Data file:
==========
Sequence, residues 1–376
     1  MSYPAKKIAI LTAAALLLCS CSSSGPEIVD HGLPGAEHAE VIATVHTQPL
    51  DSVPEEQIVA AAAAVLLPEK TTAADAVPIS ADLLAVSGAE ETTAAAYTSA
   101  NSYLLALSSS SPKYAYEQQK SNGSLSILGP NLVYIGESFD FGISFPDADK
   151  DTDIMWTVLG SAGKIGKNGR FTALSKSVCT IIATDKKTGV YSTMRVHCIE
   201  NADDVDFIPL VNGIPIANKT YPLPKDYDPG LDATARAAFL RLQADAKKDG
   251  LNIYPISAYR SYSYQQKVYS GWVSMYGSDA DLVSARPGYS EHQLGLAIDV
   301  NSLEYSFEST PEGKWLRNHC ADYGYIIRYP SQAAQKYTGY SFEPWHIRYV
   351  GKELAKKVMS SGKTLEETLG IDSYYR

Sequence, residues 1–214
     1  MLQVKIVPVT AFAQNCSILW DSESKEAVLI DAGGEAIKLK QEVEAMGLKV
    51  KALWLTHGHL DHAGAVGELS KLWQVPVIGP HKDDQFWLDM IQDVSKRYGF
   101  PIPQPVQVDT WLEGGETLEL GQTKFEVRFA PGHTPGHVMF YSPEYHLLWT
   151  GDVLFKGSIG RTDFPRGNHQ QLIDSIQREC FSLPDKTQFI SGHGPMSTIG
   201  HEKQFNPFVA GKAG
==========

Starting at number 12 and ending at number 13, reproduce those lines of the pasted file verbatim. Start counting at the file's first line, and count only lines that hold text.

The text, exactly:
    51  KALWLTHGHL DHAGAVGELS KLWQVPVIGP HKDDQFWLDM IQDVSKRYGF
   101  PIPQPVQVDT WLEGGETLEL GQTKFEVRFA PGHTPGHVMF YSPEYHLLWT